The conservatory’s entrance where guests will start their Beautiful Bugs journey.
The titan beetle in all its glory.
This spot may be a good candidate for a sign about the titan beetle, because guests can better understand its tropical leaf litter habitat.
Locations such as this, where people can sit and congregate, are good candidates for more in-depth information or interactive exhibit pieces.
By Isabella Garramone
During the long Michigan winter, Matthaei Botanical Garden’s warm and humid conservatory offers a much-needed respite from the icy chill outside. While guests leisurely enjoy the green foliage, Matthaei offers an educational exhibit spanning the three conservatory houses. This year’s exhibit, titled Beautiful Bugs: The Amazing Insects of our Global Ecosystems, has become my project to research and create.
Although the exhibit will open after my time here concludes, I will leave behind complete plans and designs for it all to be easily printed and installed.
With Beautiful Bugs, we seek to highlight another side of the ecosystems that are represented in our greenhouses. Larger-than-life signage depicting insects will be stationed throughout the conservatory, each with an accompanying informational sign.
With this exhibit, I hope to inspire an appreciation for the many roles insects play in each ecosystem. Special care will be taken to connect the dots between what people are learning about insects in our greenhouse ecosystems (especially tropical and desert) and the insects of our local ecosystem, with a goal of translating this inspiration into stewardship and actions we can each take to ensure thriving, healthy local insect populations. In addition, we will highlight researchers studying insects here at the University of Michigan.
Currently, this exhibit is in the beginning stages of research and design. Here are some of the ways my work is being guided at this stage.
Things to Consider: The Research Stage
Insect and conservatory connection
Insects that partner or interact with a specific plant species are great candidates for this exhibit (if we have that plant here). For those insects that don’t have a specific plant, there needs to be a clear connection between the insect’s ecology and our plant collections that I can highlight for visitors to learn about.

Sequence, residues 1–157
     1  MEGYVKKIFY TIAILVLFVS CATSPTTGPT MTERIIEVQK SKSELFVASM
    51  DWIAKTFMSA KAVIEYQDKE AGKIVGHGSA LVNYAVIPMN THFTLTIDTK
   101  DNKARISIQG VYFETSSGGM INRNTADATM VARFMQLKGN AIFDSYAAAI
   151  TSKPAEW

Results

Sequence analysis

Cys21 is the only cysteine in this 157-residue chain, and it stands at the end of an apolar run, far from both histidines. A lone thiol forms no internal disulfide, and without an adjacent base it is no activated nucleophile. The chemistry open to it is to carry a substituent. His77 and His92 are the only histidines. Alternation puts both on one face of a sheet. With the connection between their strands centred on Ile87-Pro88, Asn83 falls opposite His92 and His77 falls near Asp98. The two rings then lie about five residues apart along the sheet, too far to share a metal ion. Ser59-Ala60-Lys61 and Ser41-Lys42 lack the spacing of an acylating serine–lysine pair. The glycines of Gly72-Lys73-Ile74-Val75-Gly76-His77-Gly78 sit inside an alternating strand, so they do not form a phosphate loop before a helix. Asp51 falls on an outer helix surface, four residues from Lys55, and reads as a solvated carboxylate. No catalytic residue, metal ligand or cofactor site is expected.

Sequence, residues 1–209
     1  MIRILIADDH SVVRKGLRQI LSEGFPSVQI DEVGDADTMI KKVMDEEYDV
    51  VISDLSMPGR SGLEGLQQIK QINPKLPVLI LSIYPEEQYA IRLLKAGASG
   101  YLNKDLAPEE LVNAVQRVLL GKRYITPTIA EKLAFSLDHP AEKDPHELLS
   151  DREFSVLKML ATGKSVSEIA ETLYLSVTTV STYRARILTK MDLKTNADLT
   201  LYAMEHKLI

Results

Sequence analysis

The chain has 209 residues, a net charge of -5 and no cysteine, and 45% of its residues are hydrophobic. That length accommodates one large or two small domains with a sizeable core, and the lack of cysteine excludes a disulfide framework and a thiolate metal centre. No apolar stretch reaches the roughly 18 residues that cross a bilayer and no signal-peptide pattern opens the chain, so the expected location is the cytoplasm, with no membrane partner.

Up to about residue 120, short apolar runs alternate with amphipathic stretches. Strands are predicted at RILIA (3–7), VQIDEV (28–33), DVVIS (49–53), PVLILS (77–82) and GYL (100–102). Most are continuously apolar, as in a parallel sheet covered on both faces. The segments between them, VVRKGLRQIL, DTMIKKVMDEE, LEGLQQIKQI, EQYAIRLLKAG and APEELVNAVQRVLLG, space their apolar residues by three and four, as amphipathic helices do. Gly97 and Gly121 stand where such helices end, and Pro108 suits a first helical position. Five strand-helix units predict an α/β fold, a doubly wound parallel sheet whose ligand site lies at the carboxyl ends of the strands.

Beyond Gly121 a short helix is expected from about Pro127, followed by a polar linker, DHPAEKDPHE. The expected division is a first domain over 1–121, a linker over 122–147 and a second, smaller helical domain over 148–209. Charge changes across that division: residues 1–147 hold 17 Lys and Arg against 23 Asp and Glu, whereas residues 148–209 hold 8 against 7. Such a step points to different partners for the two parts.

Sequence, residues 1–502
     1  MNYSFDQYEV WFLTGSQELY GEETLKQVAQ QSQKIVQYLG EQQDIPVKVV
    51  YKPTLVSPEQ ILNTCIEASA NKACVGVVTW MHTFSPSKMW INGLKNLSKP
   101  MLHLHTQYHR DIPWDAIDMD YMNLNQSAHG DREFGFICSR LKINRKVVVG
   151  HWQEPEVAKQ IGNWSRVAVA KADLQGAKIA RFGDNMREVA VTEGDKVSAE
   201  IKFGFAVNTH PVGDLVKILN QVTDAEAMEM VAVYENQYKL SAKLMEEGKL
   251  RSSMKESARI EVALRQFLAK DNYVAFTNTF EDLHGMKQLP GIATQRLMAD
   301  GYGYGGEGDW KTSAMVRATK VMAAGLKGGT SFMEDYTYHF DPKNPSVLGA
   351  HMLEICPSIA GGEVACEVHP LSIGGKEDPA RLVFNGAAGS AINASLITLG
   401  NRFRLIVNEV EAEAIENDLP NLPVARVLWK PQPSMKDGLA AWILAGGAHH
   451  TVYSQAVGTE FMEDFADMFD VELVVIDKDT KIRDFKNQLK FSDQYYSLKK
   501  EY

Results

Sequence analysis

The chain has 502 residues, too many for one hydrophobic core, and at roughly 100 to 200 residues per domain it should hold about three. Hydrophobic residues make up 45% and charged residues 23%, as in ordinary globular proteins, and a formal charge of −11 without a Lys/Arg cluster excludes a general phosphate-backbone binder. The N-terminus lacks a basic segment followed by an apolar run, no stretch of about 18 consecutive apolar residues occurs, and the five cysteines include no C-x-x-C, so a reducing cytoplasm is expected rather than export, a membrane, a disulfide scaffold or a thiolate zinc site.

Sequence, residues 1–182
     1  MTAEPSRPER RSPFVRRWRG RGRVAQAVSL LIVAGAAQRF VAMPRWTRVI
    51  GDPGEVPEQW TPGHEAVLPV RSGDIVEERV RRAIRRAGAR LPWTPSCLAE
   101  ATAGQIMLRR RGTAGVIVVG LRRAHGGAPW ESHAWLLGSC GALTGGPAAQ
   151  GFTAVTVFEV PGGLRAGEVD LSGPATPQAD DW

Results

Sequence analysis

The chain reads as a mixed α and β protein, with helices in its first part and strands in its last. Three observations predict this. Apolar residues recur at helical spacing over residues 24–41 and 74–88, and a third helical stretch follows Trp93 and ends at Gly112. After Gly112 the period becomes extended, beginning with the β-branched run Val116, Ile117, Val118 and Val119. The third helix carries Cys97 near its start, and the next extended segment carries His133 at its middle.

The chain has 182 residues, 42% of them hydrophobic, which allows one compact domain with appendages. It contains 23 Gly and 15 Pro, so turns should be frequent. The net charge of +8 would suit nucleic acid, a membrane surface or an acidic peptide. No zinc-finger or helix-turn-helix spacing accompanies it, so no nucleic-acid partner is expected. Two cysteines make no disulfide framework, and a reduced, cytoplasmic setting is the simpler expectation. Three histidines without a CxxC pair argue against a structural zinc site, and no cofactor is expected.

There is still a lot to discover in the world of entomology! Through the University of Michigan library system, I have access to a huge number of publications and papers, but this isn’t always enough. Insects make up 80% of the world’s species (1) and there are more insects to be named than already have names (1). As a result, even with insects that have been named and studied, there is a lot we do not know. For example, the titan beetle (Titanus giganteus) from South America receives a lot of attention for being one of the largest insects in the world. However, its larvae have never been seen. Large, 2-inch diameter bore holes have been found in tree roots and are thought to have been made by their grubs, or the grubs of the few other similarly large beetles (2). As part of a research institution, in addition to just having good ethics, we have an obligation to present the most accurate and scientifically-backed information available.
Things to Consider: The Design Stage
The numbers game: spacing and cohesion